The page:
Loving Jellaby

I’ve been meaning to talk about Jellaby here for awhile. Jellaby is a fantastic new graphic novel for young readers by Toronto artist/writer Kean Soo. It’s about a little girl named Portia who finds a purple monster named Jellaby and is a real classic of the girl meets monster genre.

My youngest son was so taken with Jellaby that he drew this picture in homage to the book. I posted it here without realising he had copied it from page 87 of the book leading to a few online charges of plagiarism. It was my fault for not correctly making the connection and the reason this happened is that said son had become proprietary about a book for the first time in his life and had squirreled my copy away in his room before I could read it.

I’ve asked my little Jellaby fan to give me a bit of background on the book. Here’s what he said:

Portia is the main character of the book. She’s a girl who never thinks she can handle can handle anything, and she mostly doesn’t. Her plan is always to do something that would be a bit useful and she thinks that by then she will come up with another plan. Mostly she does.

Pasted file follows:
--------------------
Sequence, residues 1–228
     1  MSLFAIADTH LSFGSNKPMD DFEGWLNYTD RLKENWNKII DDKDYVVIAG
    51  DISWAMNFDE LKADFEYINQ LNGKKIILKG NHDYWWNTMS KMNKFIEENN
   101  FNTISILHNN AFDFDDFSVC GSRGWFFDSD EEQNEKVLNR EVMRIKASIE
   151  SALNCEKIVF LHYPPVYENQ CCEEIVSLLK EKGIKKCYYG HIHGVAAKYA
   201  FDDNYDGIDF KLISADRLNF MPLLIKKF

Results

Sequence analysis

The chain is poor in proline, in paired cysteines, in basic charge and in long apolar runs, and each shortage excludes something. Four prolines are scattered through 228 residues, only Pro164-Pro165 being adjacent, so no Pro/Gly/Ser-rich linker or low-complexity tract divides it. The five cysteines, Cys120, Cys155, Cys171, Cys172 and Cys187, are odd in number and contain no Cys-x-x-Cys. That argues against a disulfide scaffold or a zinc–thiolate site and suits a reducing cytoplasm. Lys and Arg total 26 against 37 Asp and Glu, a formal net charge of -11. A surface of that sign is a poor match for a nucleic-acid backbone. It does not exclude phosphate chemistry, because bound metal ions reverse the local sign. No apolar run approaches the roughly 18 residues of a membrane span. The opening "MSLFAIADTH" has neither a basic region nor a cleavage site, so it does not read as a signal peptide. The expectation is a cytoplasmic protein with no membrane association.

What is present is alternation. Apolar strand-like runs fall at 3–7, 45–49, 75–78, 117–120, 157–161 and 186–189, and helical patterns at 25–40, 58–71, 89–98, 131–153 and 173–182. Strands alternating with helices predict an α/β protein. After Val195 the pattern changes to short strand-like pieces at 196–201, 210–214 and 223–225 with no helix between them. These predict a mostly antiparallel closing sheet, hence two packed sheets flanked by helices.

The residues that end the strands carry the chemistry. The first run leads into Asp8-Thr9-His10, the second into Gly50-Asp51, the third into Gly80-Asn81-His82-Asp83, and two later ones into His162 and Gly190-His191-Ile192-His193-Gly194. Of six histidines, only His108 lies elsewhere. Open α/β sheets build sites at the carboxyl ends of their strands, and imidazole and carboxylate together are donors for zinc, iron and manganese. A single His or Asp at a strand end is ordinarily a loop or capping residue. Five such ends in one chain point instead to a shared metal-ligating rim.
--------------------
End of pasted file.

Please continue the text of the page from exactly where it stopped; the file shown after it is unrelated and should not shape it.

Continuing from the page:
Jason is kind of my favourite character because sometimes he’s quite a trickster. An example is when he’s on the phone to Portia’s mom and blocked his nose so he sounded like a grown-up and the mom fell for it.

The first thing I should say about Jason is that he’s addicted to just about everything: Godzilla, ramen, Dr. Seuss, ninjas and Mario games. He watches too many TV shows and plays too many video games. He looks at screens a bit too much.

The book Jellaby is very funny, especially the part where Jason puts his yellow hoodie on, pretending he’s a ninja. Really it’s supposed to be black and it looks really stupid.

I wouldn’t be scared to meet Jellaby because I watch a lot of Godzilla movies and I’m used to seeing giant purple monsters. Well, not really purple ones. Jellaby is not as big as Godzilla, doesn’t destroy buildings and he watches TV. He can actually fit in a building.

Jellaby is a purple monster that people think doesn’t have any thoughts but he really does have feelings and stuff. He’s kind of like a grown-up who didn’t go to school.

So let me just repeat: homage. The drawing was an homage. And I hope Kean Soo can forgive us. We're now looking forward to volume two of Jellaby. Meantime, you can visit The Secret Friend Society if you want to see more.


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